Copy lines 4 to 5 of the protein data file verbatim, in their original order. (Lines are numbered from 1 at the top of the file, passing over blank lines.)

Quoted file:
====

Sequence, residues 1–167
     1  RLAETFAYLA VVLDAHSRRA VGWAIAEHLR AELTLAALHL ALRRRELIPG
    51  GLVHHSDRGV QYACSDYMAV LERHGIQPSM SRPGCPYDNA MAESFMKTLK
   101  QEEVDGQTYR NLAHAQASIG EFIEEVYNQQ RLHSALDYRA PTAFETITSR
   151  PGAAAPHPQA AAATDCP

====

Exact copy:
   101  QEEVDGQTYR NLAHAQASIG EFIEEVYNQQ RLHSALDYRA PTAFETITSR
   151  PGAAAPHPQA AAATDCP